Appian has been more useful to our Historian than Diodorus of Sicily. His account of the affairs of Carthage, Syria, Parthia and Spain, of the life and behaviour of Annibal, of the cuftoms and tranfmigration of the Celts, but chief
of the laft civil wars of the Roman People, did not appear contemptible to Father Catrou. He made little account of the invectives of the Critics against his infipid way of handling Hiftory. Let his ftyle (says he) be never so weak and flaggy. Let him be, like the drone, a pilferer of the honey of the bees. We have made a good use of his pilferings. We are too much indebted to him, to be as much difpleafed with him, as moft Critics are.
Father Catron will give Dion Caffius a place of diftinction among the Writers of the reign of the Emperors. For want of Livy, that Hiftorian has been, for fome time, his chief guide.
Plutarch has acquired an universal reputation. We admire in the collection of his works fo much Learning and Wisdom, that the Statesman, the Philofopher, and the profeffed Scholar, feem to prevail ftill over the Historian. And yet, can any thing be more entertaining than his Lives of the great Men of Greece and Rome? Can any thing be more industriously put together, than the actions of both, to draw up a Parallel between them? He abounds with found reflexi
ons, worthy of a Senator, of a Conful, and,
Zonaras himself has been of fome ufe to our
Few Latin Hiftorians have afforded a great deal of matter for the compofition of the first part of this great work. Salluft and Julius Cæfar are almoft the only ones, whofe works have been incorporated into the Hiftory of the Confuls. Befides, Salluft and Cæfar came late, and at the laft moments of the expiring Republic. The talents of Salluft for Hiftory procured him the reputation of being the best Hiftorian of his country. It must be granted that he has fewer imperfections than Livy, the only rival that can contend with him for precedency. After all, fays our Author, is it a furprising thing that there fhould be fewer mistakes, and a more correct diction in the fmall works of Salluft, than in the immenfe Volumes of Livy? The former defcribed only what happened in his own time,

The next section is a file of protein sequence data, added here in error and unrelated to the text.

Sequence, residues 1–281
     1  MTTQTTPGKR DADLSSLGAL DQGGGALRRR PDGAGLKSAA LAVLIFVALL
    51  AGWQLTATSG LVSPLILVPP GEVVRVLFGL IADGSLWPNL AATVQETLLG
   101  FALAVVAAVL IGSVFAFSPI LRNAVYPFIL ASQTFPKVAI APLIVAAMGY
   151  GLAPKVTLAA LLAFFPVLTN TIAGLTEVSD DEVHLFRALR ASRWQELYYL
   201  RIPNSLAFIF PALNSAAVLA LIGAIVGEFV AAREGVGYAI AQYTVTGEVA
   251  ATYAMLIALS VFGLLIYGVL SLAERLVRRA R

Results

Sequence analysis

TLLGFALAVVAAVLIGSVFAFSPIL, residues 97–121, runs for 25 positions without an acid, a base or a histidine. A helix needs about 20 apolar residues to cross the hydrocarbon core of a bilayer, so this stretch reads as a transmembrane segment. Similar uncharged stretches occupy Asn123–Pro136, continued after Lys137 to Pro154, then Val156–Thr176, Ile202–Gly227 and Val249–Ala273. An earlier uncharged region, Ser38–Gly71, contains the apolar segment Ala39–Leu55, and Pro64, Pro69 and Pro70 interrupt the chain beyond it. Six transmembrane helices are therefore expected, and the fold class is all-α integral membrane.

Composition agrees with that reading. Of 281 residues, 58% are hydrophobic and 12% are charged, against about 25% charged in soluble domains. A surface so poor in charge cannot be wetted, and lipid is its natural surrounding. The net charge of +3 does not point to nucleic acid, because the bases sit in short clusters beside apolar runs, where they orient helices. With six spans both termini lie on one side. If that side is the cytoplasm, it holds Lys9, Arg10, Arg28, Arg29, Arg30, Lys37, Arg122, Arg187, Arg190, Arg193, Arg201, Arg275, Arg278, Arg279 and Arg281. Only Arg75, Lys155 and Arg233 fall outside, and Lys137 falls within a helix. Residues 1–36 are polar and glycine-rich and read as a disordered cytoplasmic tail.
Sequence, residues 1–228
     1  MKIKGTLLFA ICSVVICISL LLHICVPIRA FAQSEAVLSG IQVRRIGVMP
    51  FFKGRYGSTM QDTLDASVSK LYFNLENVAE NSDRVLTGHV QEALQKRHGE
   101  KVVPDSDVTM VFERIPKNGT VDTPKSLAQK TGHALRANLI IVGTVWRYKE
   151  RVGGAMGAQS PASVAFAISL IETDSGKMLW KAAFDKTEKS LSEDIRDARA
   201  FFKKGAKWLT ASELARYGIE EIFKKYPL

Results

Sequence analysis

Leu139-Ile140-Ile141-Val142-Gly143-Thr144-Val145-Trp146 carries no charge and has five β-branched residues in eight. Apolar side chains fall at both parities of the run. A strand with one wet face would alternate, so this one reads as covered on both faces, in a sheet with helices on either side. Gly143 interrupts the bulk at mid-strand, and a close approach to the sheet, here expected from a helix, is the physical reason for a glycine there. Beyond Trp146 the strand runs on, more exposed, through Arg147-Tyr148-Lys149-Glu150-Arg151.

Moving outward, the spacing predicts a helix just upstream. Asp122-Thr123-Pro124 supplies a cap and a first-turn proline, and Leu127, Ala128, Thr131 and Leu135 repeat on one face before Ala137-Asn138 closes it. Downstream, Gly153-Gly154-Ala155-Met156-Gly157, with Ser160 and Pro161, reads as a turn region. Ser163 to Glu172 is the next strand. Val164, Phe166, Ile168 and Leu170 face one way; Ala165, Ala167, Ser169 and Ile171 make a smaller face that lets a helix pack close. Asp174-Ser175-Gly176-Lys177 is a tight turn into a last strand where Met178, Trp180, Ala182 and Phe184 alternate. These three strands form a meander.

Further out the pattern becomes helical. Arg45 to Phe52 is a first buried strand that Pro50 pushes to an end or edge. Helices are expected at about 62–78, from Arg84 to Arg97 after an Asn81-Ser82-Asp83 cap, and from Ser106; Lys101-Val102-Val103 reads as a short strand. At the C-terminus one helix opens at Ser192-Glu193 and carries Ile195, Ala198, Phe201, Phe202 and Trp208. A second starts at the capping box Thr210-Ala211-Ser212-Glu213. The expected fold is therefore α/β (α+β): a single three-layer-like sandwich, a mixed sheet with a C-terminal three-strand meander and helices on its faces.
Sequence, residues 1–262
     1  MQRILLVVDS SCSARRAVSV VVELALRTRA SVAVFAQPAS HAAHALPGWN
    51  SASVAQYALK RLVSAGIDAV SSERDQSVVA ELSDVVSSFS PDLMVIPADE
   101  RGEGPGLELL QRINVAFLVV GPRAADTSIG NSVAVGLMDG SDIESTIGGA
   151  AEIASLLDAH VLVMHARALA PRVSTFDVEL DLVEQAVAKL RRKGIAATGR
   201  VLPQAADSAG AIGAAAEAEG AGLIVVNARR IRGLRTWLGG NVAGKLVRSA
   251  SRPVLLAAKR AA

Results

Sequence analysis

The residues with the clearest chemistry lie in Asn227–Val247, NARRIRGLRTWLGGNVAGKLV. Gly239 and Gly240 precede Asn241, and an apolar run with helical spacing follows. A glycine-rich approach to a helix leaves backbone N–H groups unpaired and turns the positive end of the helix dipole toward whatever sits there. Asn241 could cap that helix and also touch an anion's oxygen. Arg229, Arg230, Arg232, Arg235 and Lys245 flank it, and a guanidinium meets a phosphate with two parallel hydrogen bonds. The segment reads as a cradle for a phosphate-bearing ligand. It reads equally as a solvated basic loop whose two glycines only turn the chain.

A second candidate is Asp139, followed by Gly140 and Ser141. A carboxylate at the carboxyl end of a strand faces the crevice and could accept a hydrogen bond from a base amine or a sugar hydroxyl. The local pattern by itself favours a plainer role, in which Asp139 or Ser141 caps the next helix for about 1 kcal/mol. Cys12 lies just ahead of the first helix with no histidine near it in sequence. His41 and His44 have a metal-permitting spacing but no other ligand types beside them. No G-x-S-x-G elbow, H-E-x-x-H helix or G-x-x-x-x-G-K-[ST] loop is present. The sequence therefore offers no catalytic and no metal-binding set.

and the other what was tranfacted in feveral ages. Salluft ran only a fmall race: Livy undertook a vast one: and therefore 'tis no wonder that the latter fhould have been fometimes out of breath, and the former feldom or never weary.
Father Catrou tells us that he cannot look upon Cæfar's Commentaries without a fort of awful refpect. They are a finished picture, with which the ableft painters dare not meddle without fear. 'Tis true, the Wars of Gaul were only written by Cæfar, with a defign to afford fome Memoirs to fome other Hiftorian, in order to put the laft hand to them; but the perfection of that work, which Cæfar looked upon as a firft draught, has difcouraged even the most famous Writers of the fubfequent ages. There is no where more neatnefs and politenefs in the expreffion. Facts are related with a skill to be found only in great mafters. Cæfar defcribes the marches, encampments, battels, fieges, ftratagems, fhifts after a defeat, with a fort of heroical ingenuity, that discovers his great parts, as well as his ability in the art of war. 'Tis true, he has dexterously fuppreffed what might turn to his disadvantage. It was an effect of felf-love. Other Writers have not fpared him upon that account. With their help Father Catrou has fupplied the omiffions of thofe hiftorical Memoirs.
Valerius Maximus, Macrobius, Aulus Gellius, the two Plinys, Seneca, Cicero, St. Austin, and Orofius were not Hiftorians; but they have fcattered in their works hiftorical paffages, not to be found elsewhere. Father Catrou has carefully collected them.
As for the Abridgers of the Roman History, Florus, Aurelius Victor, Eutropius, and fome